Anthropology Research Seminar 2021: Researching Social Creativity and Global Transformation with and through Audiovisual Technologies

    During 2021, the Anthropology Research Seminar was hosted by ALTAR (The Anthropological Laboratory for Tropical Audiovisual Research) based at the Cairns Institute. The Seminar brought together a lively group of JCU higher degree research students, honours students, staff and guest lecturers to reflect on creative audiovisual research practice in the era of global transformation. Topics covered the ethics, aesthetics and politics of research with and on film, photographs and images of all kinds, from ritual objects to the virtual. Seminar participants focused discussion around films; ethnographic films, documentaries and feature films, and video recordings made during our own field research.
    They considered issues and questions, such as: 

    • The use of the camera as a ‘catalyst’ for creating connections with research participants (presenter Dr Daniela Vávrová)
    • Tensions between ethics and aesthetics in editing ethnographic films (presenters Professor Rosita Henry and Dr Daniela Vávrová).
    • Research ethics and images of pain and suffering (presenter Megan Watson, Anthropology honours student)
    • Rambo in PNG: How do we represent violence in text and imagery? Can we usefully represent ‘structural violence’ in movies or narrative imagery? (presenter: Dr Michael Wood)
    • The political ecology of community-based fishery management in Solomon Islands and Papua New Guinea as reflected in films about marine conservation (presenter: Associate Professor Simon Foale).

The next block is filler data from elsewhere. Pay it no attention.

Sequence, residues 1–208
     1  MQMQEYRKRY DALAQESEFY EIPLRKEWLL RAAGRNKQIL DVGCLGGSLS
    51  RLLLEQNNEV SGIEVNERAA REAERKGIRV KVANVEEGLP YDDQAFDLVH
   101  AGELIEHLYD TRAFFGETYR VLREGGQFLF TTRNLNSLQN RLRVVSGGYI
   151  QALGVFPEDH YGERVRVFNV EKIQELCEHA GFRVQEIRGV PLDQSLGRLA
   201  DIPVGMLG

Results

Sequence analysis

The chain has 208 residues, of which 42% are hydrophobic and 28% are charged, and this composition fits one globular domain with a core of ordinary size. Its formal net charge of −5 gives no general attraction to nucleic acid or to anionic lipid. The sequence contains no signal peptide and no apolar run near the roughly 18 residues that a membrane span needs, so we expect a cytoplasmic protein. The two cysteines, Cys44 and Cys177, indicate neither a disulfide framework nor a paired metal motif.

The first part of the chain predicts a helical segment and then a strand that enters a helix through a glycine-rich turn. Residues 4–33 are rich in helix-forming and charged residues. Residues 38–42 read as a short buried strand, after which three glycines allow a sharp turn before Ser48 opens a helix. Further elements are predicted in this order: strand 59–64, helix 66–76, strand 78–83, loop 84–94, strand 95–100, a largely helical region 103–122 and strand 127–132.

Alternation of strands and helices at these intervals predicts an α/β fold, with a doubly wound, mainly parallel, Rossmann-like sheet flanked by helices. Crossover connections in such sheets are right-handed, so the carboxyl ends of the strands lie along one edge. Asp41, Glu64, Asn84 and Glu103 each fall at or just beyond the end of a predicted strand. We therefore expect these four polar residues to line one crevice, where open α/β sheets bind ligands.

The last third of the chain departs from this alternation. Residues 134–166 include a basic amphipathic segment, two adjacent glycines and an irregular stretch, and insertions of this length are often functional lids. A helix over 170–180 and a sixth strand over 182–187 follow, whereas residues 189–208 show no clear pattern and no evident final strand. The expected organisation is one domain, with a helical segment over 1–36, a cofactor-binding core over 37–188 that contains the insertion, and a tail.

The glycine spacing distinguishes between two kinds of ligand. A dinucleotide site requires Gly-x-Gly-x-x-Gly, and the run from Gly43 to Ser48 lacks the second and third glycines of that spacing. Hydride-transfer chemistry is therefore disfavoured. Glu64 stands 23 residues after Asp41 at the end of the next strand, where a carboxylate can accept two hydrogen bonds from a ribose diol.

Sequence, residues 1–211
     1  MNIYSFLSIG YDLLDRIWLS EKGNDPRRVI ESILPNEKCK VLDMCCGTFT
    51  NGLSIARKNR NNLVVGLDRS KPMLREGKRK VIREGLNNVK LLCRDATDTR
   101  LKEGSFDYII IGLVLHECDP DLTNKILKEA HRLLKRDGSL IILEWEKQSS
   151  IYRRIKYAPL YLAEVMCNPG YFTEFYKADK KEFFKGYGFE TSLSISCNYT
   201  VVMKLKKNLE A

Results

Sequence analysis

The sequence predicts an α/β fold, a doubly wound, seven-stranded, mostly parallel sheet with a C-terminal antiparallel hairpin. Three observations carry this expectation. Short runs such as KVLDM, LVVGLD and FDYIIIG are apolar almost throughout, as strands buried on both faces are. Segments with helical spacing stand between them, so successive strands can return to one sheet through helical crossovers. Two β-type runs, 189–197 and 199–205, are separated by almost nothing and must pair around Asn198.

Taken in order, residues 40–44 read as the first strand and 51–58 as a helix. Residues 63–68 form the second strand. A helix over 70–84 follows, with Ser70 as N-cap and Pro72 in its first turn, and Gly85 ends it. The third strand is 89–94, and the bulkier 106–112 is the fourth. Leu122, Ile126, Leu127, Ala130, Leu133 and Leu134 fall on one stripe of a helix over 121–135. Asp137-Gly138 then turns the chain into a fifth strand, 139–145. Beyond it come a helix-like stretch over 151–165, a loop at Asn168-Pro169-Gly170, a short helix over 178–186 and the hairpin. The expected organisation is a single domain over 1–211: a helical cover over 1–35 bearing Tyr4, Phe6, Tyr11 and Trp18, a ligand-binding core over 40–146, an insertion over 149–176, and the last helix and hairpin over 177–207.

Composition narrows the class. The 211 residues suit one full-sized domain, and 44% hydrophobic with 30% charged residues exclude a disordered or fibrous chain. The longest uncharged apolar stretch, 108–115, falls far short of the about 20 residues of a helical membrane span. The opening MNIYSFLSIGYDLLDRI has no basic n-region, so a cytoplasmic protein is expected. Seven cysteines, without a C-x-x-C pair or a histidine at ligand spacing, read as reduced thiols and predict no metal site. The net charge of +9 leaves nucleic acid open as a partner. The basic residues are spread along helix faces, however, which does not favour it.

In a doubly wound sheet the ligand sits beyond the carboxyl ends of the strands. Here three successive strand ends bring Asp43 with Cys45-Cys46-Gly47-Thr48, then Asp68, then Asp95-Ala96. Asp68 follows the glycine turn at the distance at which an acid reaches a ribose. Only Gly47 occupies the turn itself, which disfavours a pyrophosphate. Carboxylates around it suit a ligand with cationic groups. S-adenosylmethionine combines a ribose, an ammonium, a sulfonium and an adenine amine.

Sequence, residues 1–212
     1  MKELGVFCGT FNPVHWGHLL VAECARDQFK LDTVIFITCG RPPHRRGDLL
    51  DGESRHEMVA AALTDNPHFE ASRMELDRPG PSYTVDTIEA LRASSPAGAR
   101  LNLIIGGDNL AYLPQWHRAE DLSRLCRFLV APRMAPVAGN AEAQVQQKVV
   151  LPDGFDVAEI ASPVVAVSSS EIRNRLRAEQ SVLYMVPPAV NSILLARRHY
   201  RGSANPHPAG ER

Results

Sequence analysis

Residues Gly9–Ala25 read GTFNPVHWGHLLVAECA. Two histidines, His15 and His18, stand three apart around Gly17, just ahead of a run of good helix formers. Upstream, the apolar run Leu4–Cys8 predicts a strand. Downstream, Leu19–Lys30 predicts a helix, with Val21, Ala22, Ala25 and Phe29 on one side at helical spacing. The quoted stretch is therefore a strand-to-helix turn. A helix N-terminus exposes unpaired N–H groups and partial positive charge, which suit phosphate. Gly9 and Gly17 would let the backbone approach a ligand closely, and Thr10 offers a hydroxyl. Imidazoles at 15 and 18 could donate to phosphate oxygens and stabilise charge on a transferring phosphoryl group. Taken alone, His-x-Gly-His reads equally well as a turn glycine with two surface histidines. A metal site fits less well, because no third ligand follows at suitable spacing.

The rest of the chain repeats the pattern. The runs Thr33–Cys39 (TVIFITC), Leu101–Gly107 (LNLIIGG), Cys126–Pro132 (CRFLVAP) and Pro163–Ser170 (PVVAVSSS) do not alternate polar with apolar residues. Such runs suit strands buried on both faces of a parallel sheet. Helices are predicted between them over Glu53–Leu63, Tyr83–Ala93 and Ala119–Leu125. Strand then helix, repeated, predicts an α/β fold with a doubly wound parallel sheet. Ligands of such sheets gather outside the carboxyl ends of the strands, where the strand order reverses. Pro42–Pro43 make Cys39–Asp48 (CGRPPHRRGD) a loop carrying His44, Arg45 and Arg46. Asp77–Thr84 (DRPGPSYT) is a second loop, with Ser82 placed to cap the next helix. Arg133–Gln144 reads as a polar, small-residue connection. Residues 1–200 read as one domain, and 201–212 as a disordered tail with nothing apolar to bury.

• The difference between anthropological/ethnographic films and a journalistic documentaries (presenter: Lucy Bonanno, HDR student).
    • What we can learn from historical films? (presenter: Gretchen Burgess, HDR student)
    • The scope for art and film in various forms as civil action and as an approach to dealing with embedded violence (presenter: Elena Lopez-Andersson, HDR student).

    JCU anthropology students based in Alice Springs and Katherine, in the Northern Territory, joined students and staff in Cairns and Townsville, and adjunct staff and guest speakers in the UK, Norway, Denmark, China, Sydney and Canberra participated in the series. Professor Bruce Kapferer often linked in from London, UK. Bruce presented one week on the topic Ritual, Cinema and the Image: A Discourse about the Virtual and led a rich discussion inspired by the ideas of the philosopher Gilles Deleuze. 

    Professor Ton Otto joined us from Aarhus, Denmark, to lead a stimulating discussion on his latest ethnographic film ‘On behalf of the Living’ (in preparation) made in collaboration with Christian Suhr and Gary Kildea and to facilitate discussion on how can film deal with questions about life and death. Associate Professor Robin Rodd (Duke Kunshan University) often joined the discussion from China. Dr Darja Hoenigman (ANU) presented on her observational film Election Fever: Kanjimei, East Sepik 2012, which generated engaging reflections on what elections really mean in small, isolated villages in Papua New Guinea, and on the next PNG National Elections in 2022.

    Dr Cleo Mees from the University of Technology Sydney and Macquarie University presented an engaging workshop on The “haptic” in Video and Sensory Ethnography. In this brilliant finale to the year, Cleo focused on her filmic work regarding Washing Lines: Encounters in Improvised Handheld Video Portraiture and gave participants an exercise to make a short 60 second film recording to share via the Zoom. The workshop provided encouragement to let our research be driven by an “enthusiasm of practice” as much as by problems to be solved.

    To view more of this article, refer to page 8 of the January newsletter.

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